The dome shaped wall 64 is relatively elastic, and may be depressed out of its normal inoperative position and into an operative position as shown in the dotted lines in FIG. 1, (inwardly axially of the holder) which in turn causes the corresponding depression and movement of the rod 48, also as shown in the dotted lines. Movement of the rod 48 forwardly will consequently cause the valve head 34 to unseat from the seat 44, allowing the fluid media to pass from the reservoir through the valve body 24 into the secondary reservoir 16a within the taper 16 and then to the applicator 20.
Because the wall 64 is formed of relatively thin material, it has an inherent elastic memory, which when released from manipulation, will automatically flex outwardly restoring both itself and permitting the rod 48 to return to its initial position and shown in full lines. The restoration of the rod 48 and the wall 46 is enhanced by the action of the spring 38 against the valve 34 which is transmitted by rod 48 to the wall 64. It will be noted that the required extent of the movement of the wall 64 and of the rod 48 may be extremely small, depending upon any space that may exist between it and the rod. In practice, the rod 48 takes up almost all of the space between the valve 24 and the wall 64, leaving little play between them.
The dome shaped wall 64 is set below the terminal edge of the flange 56 and within the protective confines of the end of the holder thereby reducing the liklihood that the wall 64 can be inadvertantly pressed by the user, or that it can be depressed by turning the applicator over and tapping the same on its rear end.
The tapered portion 16 of the body 10, is sufficiently large to provide a subsidiary reservoir 16a for the fluid, after it passes through the valve 24, so that the applicator is maintained "wet" with cosmetic fluid, avoiding the need to repeatedly or frequently depresses the valve. Although the device shown in FIG. 1 illustrates an improved applicator (see FIGS. 3 and 4) any ordinary and conventional applicator nib, or the like, can be used since sufficient "wetting" of the applicator is afforded from the subsidiary reservoir in the tapered position 16. However, in accordance with the present invention, it is preferred to employ one of the improved brush type applicators illustrated in FIGS. 3 and 4, for example.
As seen in the detail of FIG. 3, the brush type applicator, shown in FIG. 1, comprises a body formed of fluid transmitting material, such as a group of elongated natural or artificial bristles 70 arranged about a central liquid conducting tube 72 of impervious material such as aluminum or plastic. The tube 72 has a relatively small inner diameter but capable of allowing the flow of the fluid media therethrough. An outer sleeve 74 of impervious plastic or metal is set about the bristles 70, so as to envelope the bristles 70 and the tube 72 in a tight manner, without restricting the flow of the fluid therethrough.
The inner surface of the outer sleeve 74 is tapered as at 76, so as to allow the bristles 70 to flare outwardly and form a tip end 78 tapered to form a conical point 80. On the other hand, the tip end may be shaped in the form of a blade or knife or in any of the conventional brush shapes in accordance with the use to the applicator is used to be placed. For example, if the applicator is to apply eye shadow, the brush may have a straight rather than a conical taper, or a more or less pointed end like a pencil.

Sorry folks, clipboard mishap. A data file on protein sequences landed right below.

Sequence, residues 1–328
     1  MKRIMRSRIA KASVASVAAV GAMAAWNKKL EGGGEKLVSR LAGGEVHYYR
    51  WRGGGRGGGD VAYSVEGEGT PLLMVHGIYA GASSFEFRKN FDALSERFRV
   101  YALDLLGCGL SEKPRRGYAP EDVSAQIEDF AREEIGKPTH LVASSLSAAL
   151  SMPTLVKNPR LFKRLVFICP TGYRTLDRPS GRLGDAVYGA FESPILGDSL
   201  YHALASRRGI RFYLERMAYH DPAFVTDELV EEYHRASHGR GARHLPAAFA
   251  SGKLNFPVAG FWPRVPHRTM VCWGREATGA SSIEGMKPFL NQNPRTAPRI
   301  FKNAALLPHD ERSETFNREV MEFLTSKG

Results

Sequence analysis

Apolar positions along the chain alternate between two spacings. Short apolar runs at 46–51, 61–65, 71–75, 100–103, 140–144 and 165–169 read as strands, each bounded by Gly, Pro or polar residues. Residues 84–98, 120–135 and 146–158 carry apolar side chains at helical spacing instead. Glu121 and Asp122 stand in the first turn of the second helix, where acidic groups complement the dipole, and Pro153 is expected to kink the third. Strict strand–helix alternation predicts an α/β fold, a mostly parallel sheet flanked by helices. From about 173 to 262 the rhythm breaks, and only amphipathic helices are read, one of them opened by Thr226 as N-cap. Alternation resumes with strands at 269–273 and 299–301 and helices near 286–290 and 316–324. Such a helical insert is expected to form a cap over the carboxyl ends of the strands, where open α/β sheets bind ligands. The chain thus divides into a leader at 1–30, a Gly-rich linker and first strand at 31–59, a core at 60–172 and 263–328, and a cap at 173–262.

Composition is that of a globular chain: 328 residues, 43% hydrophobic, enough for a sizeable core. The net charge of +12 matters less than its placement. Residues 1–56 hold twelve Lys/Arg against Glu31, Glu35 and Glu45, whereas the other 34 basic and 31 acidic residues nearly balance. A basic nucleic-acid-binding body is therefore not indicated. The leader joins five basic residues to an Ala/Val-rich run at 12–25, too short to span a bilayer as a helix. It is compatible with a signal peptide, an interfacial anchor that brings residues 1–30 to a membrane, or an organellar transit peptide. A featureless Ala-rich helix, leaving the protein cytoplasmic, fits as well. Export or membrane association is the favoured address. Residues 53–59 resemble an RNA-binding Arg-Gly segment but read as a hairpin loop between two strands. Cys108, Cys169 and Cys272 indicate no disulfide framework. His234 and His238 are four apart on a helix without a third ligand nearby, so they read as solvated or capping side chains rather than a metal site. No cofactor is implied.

The central tube 72 extends rearwardly from the bristle body and sleeve so as to be freely immersed in the fluid found in the subsidiary reservoir 16a. Thus fluid tends first to flow into the tube 72 and secondly into the bristles 70. As a result, the fluid is carried directly forward to the tip end 78 of the applicator from which it is dispensed. This eliminates the problem of applying large splotches because of the release of the fluid along the rear of the applicator rather than at the tip.
The second embodiment of the improved applicator brush shown in FIG. 4, provides a central tube 72 covered by a unitary molded foamed plastic sponge body 82 capable of adsorbing the fluid media. This unitary sponge plastic brush may be similarly shaped as the bristle brush and provided with a smooth flaring conically pointed tip, a flat tip or one of the other configuration. The sponge brush of FIG. 4 is provided with an outer sleeve 84 which is identical to that of outer sleeve 74 of the bristle brush so that various applicators may be interchangeable within the point 18 whereby the user may, if desired, exchange and/or replace of applicators, readily.
The sleeves 74 and 84 in either embodiment are provided with two external diameter sections 84 and 86 separated by the shoulder 88. The rear section 84 is of a size adapted to be force fit within the point 18 until stopped by engagement of the shoulder 88. This ensures that applicator 20 remains aligned with but out of contact with the valve assembly as previously explained. The forward or large diameter section 86 may be larger than the external diameter of the point 18 although is preferable it should not be. Preferably, the outer surface of the rear section 84, is provided with several uniformly spaced longitudinal grooves 90 which, in combination with the enclosing body 18, provides vents for air flow into the subsidiary reservoir to enhance the free flow of fluid.
Various changes, modification and embodiments have been described, and others will be apparent to those skilled in this art. Accordingly, it is intended that the disclosure be taken as illustrative of the invention and not limiting its scope.